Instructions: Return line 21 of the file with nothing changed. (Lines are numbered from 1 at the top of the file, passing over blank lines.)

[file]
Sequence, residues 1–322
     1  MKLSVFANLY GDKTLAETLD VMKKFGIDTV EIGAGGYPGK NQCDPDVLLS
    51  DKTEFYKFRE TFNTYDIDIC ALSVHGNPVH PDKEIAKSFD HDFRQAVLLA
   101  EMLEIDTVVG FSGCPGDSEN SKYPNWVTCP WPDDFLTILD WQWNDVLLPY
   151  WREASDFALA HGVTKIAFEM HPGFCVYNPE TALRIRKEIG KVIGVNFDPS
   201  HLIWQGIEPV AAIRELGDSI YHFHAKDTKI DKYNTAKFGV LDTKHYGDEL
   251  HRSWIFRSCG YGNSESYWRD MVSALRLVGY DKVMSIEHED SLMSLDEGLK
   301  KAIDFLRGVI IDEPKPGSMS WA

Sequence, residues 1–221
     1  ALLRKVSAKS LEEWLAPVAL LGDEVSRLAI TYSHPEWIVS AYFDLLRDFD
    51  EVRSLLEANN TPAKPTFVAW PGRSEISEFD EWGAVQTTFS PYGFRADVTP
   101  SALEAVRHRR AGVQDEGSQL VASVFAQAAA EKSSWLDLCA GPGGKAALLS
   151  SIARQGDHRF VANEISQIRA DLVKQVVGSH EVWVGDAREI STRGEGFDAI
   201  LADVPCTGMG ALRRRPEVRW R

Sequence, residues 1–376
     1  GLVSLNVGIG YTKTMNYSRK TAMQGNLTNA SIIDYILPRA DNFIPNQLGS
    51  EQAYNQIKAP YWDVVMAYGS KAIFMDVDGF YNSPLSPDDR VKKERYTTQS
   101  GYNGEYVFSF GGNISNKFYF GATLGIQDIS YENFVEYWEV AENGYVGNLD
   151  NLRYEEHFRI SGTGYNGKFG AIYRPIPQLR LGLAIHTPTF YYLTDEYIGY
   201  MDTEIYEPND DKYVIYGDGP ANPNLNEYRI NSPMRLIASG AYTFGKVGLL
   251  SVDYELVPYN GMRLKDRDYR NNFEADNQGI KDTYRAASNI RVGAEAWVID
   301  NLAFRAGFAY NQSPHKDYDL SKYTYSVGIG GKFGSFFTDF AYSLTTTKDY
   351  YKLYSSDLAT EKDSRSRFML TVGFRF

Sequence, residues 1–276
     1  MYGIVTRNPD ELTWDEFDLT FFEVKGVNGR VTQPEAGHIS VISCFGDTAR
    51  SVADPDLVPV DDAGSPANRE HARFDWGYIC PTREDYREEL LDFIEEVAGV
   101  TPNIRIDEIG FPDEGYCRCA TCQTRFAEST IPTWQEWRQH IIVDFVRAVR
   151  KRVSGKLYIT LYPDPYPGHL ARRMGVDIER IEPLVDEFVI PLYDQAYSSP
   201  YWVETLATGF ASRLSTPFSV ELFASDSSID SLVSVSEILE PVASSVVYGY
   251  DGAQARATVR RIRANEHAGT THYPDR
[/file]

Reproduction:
   251  SVDYELVPYN GMRLKDRDYR NNFEADNQGI KDTYRAASNI RVGAEAWVID